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She was a force of nature

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That's what Edward Kennedy, Jr., head of the American Association of People with Disabilities, said about the great activist Marca Bristo, who has died at 66. She was one of the architects of the Americans With Disabilities Act and also founded the huge and influential services agency Access Living in Chicago. She then went on to found the National Council on Independent Living and become policy advisor to presidents and congressmen, traveling the world as an advocate for accessibility.

I knew her only as a name. Then I read her obituary. What fire she had in her heart. What a life she led. She's definitely humbling and inspiring to read about.





Bristo broke her neck in an accident on the shoreline rocks of Lake Michigan on which I enjoyed so many carefree times when I was young. It happened when she was 23, which was the same age that rapid MS fell on me. But that's where our similarities end. Bristo bounded right back out there, it seems. Fourteen years later she was working alongside the late Justin Dart ("the Martin Luther King Jr. of the disability rights movement," she said) putting together the groundbreaking civil rights law of the ADA. Looking back over the years, I guess I had my moments, but in so many ways did poorly and regressed. I wasted a lot of time, spinning my wheels from frustration. I realize that we're all different and it is foolish to compare. But that is why I use that radioactive word, inspiring, to describe her. I remember the late disability firebrand Dennis Schreiber, leader of the in-your-face Chicago group Disabled Americans Rally for Equality (DARE), telling me on one of our marathon phone sessions ? Dennis was practically deaf and his speech very slow and affected ? he said, "I hear you saying 'can't' about yourself. Stop saying 'can't.'" At the time I felt like I was in a trick bag with little way out, and maybe most people would. But apparently Bristo didn't have that trick bag, or any hardly bag at all. Again, looking back, maybe that bag was mostly in my head. You know it it's like when you look back at your younger self and think, You're doing just fine, little duck, don't be so afraid.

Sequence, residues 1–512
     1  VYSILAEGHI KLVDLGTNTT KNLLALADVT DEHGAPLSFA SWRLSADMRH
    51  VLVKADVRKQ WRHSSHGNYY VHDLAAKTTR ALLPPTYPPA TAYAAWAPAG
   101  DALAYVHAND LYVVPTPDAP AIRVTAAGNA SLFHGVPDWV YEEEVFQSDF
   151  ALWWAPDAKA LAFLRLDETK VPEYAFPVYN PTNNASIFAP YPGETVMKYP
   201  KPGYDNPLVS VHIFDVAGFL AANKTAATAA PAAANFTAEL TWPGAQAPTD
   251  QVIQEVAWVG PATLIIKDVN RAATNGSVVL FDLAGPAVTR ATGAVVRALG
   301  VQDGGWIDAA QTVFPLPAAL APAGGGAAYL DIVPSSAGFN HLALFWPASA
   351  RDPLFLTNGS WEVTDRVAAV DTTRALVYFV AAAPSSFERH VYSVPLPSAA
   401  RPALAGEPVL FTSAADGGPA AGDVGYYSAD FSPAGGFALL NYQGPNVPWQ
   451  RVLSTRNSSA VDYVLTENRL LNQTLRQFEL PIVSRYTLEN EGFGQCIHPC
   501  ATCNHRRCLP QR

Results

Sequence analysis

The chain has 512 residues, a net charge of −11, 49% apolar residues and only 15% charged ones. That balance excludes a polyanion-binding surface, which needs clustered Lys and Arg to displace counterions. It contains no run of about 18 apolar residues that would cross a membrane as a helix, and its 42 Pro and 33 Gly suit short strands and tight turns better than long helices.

Bristo's New York Times obituary ends with this: 'Ever the advocate, in the days before her death, Ms. Bristo received a phone call from Ms. Pelosi. According to her husband, the Speaker wished her well and said ?I wish there was something I could do,? to which Ms. Bristo quickly replied: ?You can. Move the Disability Integration Act to committee and to a floor vote.?'

If she inspires you like she does me, go over to the Disability Integration Act website and learn about this bill that aims to keep people in their homes (which is cheaper) and not stuck in nursing homes. As services get shortchanged, institutionalization is a very real prospect for many who are disabled. At the website you'll see that the DIA has been reintroduced in Congress. The ball is in play. Find out where your reps are on this issue and put on your inner Bristo.

Comments

  1. SCI-Nurse's Avatar
    Thank you. She was an amazing woman. I am honored to have known her.

    (KLD)
  2. Spitzbub's Avatar
    Thanks for reading. How did you know her?
  3. SCI-Nurse's Avatar
    I was in graduate school in Chicago, at Rush University (her alma mater) in 1981 & 1982, right after she started Access Living Chicago. She was a guest lecturer for our classes, and I also met her at RIC, where I had my clinical. She was also active at a number of disability rights conferences and even on the Phil Donahue show (filmed in Chicago) during the time I was there.
  4. Spitzbub's Avatar
    I saw entirely too much of Rush (as a patient) but 10 years too late. I would love to have heard her speak.